13 Feb 2019
Watch market thrives in ASEAN
A rapidly evolving digital landscape has dramatically changed consumer behaviour, while the smartphone and electronic wearable boom has put pressure on watch usage. Despite these challenges, consumer demand for watches continues to grow in major Association of Southeast Asian Nations (ASEAN) countries.
ASEAN has made remarkable progress in the past decade to become an economic powerhouse. ASEAN Secretariat data shows the region's combined gross domestic product in 2017 was US$2.76 trillion, making it the world's sixth-largest economy. With an annual growth forecast at about 5%, ASEAN is expected to become the fourth-largest economy by 2030.
The region’s combined population of 642 million is the third-largest in the world, after China and India. Its rapid urbanisation, growing middle class, expanding skilled workforce, foreign investment inflows and improving infrastructure are key to unlocking the region's vast economic potential.
Among the 10 ASEAN members, Thailand, Malaysia and Indonesia have caught the attention of many Hong Kong exporters and retailers, thanks to their fast-expanding middle class and strong purchasing power. As growing affluence continues to translate into buying power, consumer spending on discretionary lifestyle items has been rising. According to Euromonitor International, combined retail sales of watches in Thailand, Malaysia and Indonesia amounted to US$1.5 billion in 2017 and are expected to grow an average 8% a year to reach US$2.2 billion in 2022. Millennials have a rising appreciation for exclusivity and a propensity to spend on middle-to-high-end watches.
The lucrative watch market in Thailand, Malaysia and Indonesia continues to attract new entrants – both well-established and emerging brands – offering consumers greater choice but resulting in more intense market competition. Penetrating this competitive watch market and achieve sustained success remains a challenge for many watchmakers and exporters.
Aiming to guide Hong Kong small and medium-sized enterprises (SMEs) in the watches industry, this report explores the export potential in selected ASEAN markets, namely Thailand, Malaysia, Indonesia and Singapore (as a regional hub). It evaluates the retail structure and distribution channels, and provides a guide to optimal market entry and marketing strategies.
The rise of affordable luxury brands and fashion watches coincides with the growing aspirations of middle-class consumers in ASEAN.
Smartwatches offer convenience and connectivity to tech-savvy ASEAN consumers. Given the release of the Apple Watch and its Android rivals, the smartwatch appears to have momentum.
Today’s consumers live and breathe digital, so businesses must continue to respond to consumer trends and create a digital experience that measures up to expectations.
The Hong Kong Trade Development Council’s (HKTDC) ASEAN Middle-income Consumer Survey showed 62.1% of respondents chose online user reviews as the top touchpoint influencing their purchase decisions on lifestyle products, followed by product review/comparison/recommendation (56.5%) and social media (52.4%).
Watch styles and trends
The past few years have seen a boom in affordable luxury watch brands, including the Swedish brand Daniel Wellington (DW), which created a line of classic and minimalistic watches priced at about US$150-300. By collaborating with Instagram influencers to reach millions of customers, DW achieved great success worldwide. Together with other minimalistic watch brands such as Linje, these emerging brands have demonstrated that simplicity has become a key trend in the watch market.
Many luxury watch brands still focus on high complexity and accuracy but other watch brands concentrate on aesthetics, including the MVMT brand. In today’s Instagram era, consumers buy many watches to match different looks. A fashion watch is all about innovation and style. It is not what is inside the watch that counts, but what is outside.
Some brands offer craftsmanship, design and features that are similar to a luxury watch, but at a fraction of the price. These timepieces may use high-quality components, such as a Swiss movement, a sapphire crystal glass top, and a vegetable tanned leather strap, but are assembled in countries with lower production costs. These affordable luxury watches have price tags ranging from US$200 to US$1,000.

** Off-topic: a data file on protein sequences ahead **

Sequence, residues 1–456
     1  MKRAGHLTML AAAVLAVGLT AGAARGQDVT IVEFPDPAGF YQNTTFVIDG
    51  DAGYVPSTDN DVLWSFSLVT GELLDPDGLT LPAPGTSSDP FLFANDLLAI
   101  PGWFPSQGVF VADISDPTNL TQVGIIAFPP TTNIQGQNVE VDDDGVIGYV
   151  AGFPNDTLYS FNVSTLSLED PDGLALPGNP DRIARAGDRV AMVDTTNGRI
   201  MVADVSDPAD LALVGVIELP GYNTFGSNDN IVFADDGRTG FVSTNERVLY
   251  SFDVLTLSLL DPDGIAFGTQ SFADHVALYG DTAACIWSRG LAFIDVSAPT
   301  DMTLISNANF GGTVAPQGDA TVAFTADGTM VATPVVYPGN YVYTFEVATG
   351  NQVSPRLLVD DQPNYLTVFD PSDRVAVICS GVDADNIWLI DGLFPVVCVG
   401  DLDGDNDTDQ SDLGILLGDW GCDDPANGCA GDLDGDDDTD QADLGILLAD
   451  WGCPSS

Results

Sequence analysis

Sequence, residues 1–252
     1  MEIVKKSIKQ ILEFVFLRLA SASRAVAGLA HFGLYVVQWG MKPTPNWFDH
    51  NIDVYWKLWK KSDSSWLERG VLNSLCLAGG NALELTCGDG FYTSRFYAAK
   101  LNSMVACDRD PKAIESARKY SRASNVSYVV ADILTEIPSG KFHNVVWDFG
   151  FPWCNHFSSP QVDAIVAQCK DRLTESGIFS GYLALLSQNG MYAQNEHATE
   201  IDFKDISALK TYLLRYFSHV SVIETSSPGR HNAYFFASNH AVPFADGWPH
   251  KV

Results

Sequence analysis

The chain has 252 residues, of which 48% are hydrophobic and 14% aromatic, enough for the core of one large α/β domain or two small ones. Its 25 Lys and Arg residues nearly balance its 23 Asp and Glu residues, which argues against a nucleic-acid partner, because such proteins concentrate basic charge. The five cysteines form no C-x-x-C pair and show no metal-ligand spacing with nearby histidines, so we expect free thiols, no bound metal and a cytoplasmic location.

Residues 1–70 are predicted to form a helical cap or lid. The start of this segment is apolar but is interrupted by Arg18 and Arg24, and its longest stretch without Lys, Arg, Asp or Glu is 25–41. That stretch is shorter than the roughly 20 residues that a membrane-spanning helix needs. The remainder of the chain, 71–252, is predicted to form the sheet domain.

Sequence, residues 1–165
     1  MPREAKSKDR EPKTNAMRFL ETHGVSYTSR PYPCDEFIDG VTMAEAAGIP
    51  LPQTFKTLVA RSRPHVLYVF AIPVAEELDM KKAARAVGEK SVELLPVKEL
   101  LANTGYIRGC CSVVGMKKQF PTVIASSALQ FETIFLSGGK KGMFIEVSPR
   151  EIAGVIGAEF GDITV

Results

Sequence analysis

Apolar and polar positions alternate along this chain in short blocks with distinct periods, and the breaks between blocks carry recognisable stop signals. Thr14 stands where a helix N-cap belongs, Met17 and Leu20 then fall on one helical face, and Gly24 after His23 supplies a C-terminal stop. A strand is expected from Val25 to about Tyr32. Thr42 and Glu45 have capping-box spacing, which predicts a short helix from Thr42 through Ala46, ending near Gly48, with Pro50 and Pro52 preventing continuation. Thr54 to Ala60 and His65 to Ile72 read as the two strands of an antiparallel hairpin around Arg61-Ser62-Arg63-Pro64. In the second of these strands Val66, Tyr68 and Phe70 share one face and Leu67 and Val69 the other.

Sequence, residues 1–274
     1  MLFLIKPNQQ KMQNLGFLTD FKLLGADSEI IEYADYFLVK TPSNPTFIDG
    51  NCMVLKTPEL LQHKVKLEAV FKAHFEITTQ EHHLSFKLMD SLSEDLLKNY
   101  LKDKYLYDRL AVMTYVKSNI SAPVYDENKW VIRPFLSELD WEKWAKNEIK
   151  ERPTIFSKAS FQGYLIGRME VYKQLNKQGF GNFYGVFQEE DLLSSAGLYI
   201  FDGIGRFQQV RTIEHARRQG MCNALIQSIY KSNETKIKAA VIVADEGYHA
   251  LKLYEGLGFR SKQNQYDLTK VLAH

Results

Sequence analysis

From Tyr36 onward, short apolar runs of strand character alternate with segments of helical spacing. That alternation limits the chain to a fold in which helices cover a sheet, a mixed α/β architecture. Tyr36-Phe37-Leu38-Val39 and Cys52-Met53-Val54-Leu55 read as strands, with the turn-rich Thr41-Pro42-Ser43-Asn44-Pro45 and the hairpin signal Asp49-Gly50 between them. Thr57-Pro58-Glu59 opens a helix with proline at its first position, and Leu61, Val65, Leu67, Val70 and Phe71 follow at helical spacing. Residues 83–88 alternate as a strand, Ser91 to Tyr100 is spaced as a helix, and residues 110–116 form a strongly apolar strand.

Watch specialist retailers are shops with a diversified portfolio, comprising many brands. They purchase in bulk from brands and then sell the stock to end-users. Authorised dealer agreements prohibit retailers from selling at discounts. However, consumers purchasing watches through this channel enjoy the peace of mind that they are buying legitimate, top-quality watches that come with official warranties.
The watch specialist retailer is an ideal distribution channel for watch brands to gain access to the ASEAN markets, as it is top of consumers’ minds when thinking about watch buying. At a watch specialist store, consumers are pampered with a wide variety of brands and styles, and in-store assistants offer professional advice.
In Thailand, upscale department stores like Central Department Store, Central Embassy, Siam Paragon, and The Emporium normally have a designated zone for timepieces. Luxury watch shoppers still prefer physical stores to online shopping. Major department stores organise annual watch shows, with “Siam Paragon Watch Expo” in Thailand one of the most anticipated events for watch lovers.
As millennial shopping trends in Indonesia have shifted to specialty outlets and online stores, Indonesia’s largest department store chains like Matahari and Ramayana continue to respond by transforming their retail strategy.
In Malaysia, department stores remain an important distribution channel for watches. Major department store chains such as Parkson and Metrojaya continue to upgrade product portfolios to include a wider selection of brands to attract middle- and high-income consumers.
The core customer group of upscale department stores is women aged between 30 and 40. They are usually middle- to-high-income professionals and buy watches from department stores priced between US$600 and US$1,000.
The advantages of selling to department stores are: suppliers can expect higher sales turnover, greater brand awareness and validation, as well as more visibility to other buyers. On the downside, department stores do not purchase wholesale and they require a higher commission and extended payment terms.
Duty free (DF) shops can be found in airports and downtown districts, as well as onboard airliners and ferries. In ASEAN, the growth in travel retailing is expected to be driven by increasing tourist arrivals in major airports.